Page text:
Durbin Continues To Call For Closure Of Guantanamo Bay
During his speech, Durbin cites two families who are seeking justice after they lost loved ones on 9/11 and are calling for plea deals
WASHINGTON – U.S. Senate Majority Whip Dick Durbin (D-IL), Chair of the Senate Judiciary Committee, spoke about the importance of closing the Guantanamo Bay detention facility. In a speech on the Senate floor, Durbin called on the Biden Administration to do more to accelerate the closure of the facility once and for all.
Durbin began his speech by highlighting Leila Murphy, a young law student who lost her father on September 11th, 2001, when the first plane hit the North Tower of the World Trade Center.
“She wrote [in a letter to Durbin], ‘My father, Brian Murphy, worked on the 105th floor of the World Trade Center and was killed when the first plane hit the North Tower... Twenty-two years and four presidential administrations later, there has been no accountability for his death, nor the deaths of nearly three thousand others.’ Leila—and 3,000 other families like hers—have been waiting for justice for 9/11 for more than two decades. In those two decades, Leila has grown from a toddler to a law student. But the military commission trial against the five 9/11 co-defendants in Guantanamo has not even started yet… Let me repeat that: more than two decades after the attacks, the 9/11 trial has not started,” Durbin said.
“By setting up an ad hoc military commission system rather than trusting our courts, by torturing detainees rather than securing evidence lawfully—we have made true justice for families like Leila’s virtually, legally impossible,” Durbin continued. “If pretrial proceedings are still going on twenty years after the event, how many years do you think an actual trial would take? How many years of appeals would then follow? What are the chances that prosecutors can even convict men who were tortured on our hands for years? And if they did, what are the chances that those convictions would be upheld? How many family members will still be alive to see final judgments of guilt, if they ever, ever come? The reality is that securing guilty pleas in the 9/11 case is at this point the only way to deliver a modicum of justice to the victims and their families.”
Durbin continued, “In Leila’s words, ‘The military commissions have failed to provide justice for 9/11 families. Plea deals are a way out. The only thing standing in the way is political will, it’s time for that to change.’ Leila is not alone in recognizing that guilty pleas are realistically the only hope for justice.”
During his speech, Durbin also spoke about Ted Olson, former President George W. Bush’s Administration Solicitor General, who like Leila, is calling for a plea deal. Ted lost his wife Barbara on American Airlines Flight 77 when it hit the Pentagon. In a Wall Street Journalcolumn he wrote, “I now understand that the commissions were doomed from the start… “We tried to pursue justice expeditiously in a new, untested legal system. It didn’t work. The established legal system of the U.S. would have been capable of rendering a verdict in these difficult cases, but we didn’t trust America’s tried-and-true courts… The American legal system must move on by closing the book on the military commissions and securing guilty pleas.”
Durbin noted in his speech that 18 of the 32 remaining detainees have never been charged with any crime and have been unanimously cleared for release by our national security and military leadership.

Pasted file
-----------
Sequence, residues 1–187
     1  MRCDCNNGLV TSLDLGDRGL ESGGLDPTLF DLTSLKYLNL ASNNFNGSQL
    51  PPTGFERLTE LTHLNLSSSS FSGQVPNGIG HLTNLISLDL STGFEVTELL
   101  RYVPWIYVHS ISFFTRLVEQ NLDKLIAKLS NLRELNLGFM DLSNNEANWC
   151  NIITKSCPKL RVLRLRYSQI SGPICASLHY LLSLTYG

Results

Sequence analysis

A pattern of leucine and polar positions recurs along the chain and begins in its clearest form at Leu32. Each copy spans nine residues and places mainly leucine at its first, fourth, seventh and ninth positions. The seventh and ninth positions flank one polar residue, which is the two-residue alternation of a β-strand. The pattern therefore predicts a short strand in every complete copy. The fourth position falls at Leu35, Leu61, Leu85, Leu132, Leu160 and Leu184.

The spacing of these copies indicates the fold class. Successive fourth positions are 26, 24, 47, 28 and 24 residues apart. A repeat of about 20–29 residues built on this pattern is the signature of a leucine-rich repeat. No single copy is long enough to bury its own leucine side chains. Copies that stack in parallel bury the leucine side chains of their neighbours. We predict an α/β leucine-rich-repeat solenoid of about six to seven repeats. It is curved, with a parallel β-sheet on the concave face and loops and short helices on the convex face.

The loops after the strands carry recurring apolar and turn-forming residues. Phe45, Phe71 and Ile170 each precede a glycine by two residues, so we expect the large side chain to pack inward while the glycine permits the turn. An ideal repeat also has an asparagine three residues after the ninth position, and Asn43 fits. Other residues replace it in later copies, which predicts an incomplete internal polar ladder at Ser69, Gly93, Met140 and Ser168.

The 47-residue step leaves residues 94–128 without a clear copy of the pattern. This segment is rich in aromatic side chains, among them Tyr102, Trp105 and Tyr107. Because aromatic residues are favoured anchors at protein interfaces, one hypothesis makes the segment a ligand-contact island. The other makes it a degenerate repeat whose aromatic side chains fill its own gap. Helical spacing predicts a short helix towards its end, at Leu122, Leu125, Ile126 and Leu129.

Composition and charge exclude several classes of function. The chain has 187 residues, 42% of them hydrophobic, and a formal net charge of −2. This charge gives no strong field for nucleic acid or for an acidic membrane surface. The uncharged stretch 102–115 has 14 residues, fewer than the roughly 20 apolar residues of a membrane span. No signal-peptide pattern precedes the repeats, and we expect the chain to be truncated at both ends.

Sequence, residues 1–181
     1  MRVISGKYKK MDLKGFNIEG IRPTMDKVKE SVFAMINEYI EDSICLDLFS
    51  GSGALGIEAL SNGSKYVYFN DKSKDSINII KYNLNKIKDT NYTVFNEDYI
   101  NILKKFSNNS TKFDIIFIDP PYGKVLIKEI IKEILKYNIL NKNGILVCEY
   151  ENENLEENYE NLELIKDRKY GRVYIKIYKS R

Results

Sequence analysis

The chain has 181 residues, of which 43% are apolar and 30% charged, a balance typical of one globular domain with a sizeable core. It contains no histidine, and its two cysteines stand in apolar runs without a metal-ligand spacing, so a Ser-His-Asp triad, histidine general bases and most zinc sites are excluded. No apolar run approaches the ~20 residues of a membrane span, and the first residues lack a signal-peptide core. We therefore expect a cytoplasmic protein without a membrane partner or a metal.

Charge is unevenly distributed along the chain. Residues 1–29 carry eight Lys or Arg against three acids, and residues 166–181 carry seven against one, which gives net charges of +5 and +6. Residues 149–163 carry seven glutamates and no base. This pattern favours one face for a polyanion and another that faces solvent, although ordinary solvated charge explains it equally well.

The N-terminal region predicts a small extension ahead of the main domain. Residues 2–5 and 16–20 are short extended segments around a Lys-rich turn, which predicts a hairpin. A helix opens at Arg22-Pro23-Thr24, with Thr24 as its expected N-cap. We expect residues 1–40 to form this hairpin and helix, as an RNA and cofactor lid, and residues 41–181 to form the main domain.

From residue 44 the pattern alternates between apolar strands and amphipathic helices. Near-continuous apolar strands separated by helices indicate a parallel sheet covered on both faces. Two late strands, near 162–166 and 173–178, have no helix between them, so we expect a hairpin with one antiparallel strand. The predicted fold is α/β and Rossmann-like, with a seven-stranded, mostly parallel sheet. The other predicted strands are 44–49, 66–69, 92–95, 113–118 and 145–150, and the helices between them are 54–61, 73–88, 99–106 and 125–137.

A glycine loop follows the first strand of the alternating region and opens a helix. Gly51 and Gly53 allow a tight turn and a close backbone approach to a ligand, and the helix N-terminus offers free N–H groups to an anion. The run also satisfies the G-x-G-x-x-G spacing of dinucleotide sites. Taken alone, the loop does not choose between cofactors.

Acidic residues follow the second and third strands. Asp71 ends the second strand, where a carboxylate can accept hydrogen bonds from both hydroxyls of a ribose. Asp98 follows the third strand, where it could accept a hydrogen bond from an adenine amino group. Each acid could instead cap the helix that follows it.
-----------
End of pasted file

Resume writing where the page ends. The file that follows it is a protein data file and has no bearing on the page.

Durbin continued, “The Administration must redouble its efforts to transfer the men who have been cleared for release or served their sentences. The recent transfers of three longtime detainees were important steps forward. But the Administration must pick up the pace. Men who have served their time or been cleared for release should not still be sitting in Guantanamo. Ending these abuses is both a moral and a national security imperative.”
Guantanamo Bay continues to be funded by American taxpayers. The U.S. spends more than $540 million every year to keep facility open—for just 32 detainees, nearly $17 million per detainee.
“We must not forget that Guantanamo was set up to be outside the reach of the law, outside the reach of the Constitution, outside the reach of habeas corpus, outside the reach of due process, outside the reach of the Geneva Conventions. We must not forget that detainees were held incommunicado and actually tortured at Guantanamo. We must not forget that more than half of the men still there continue to be detained indefinitely without any charge or any trial. In America, we must stand for something better than that. Guantanamo Bay is a historic stain on America’s long pursuit of the cause of justice. We have a responsibility to release detainees who have never been charged with a crime or who have served their time, and we have a responsibility to deliver what little justice we still can to the victims of 9/11 and their families… Let’s finally salvage a small measure of justice – for Leila, for Ted Olson, and for everyone else who lost a loved one on that terrible day,” Durbin concluded.
Video of Durbin’s floor speech is available here.
Audio of Durbin’s floor speech is available here.
Footage of Durbin’s floor speech is available here for TV Stations.
Durbin has been an advocate in the effort to close Guantanamo Bay for many years. In 2013, Durbin chaired a hearing to examine the national security, fiscal, and human rights implications of closing the Guantanamo Bay detention facility. In April 2021, Durbin led 23 Senate Democrats in a letter to President Joe Biden expressing their support for finally closing the detention facility. In December 2021, Durbin chaired a Senate Judiciary Committee hearing entitled, “Closing Guantanamo: Ending 20 Years of Injustice.”
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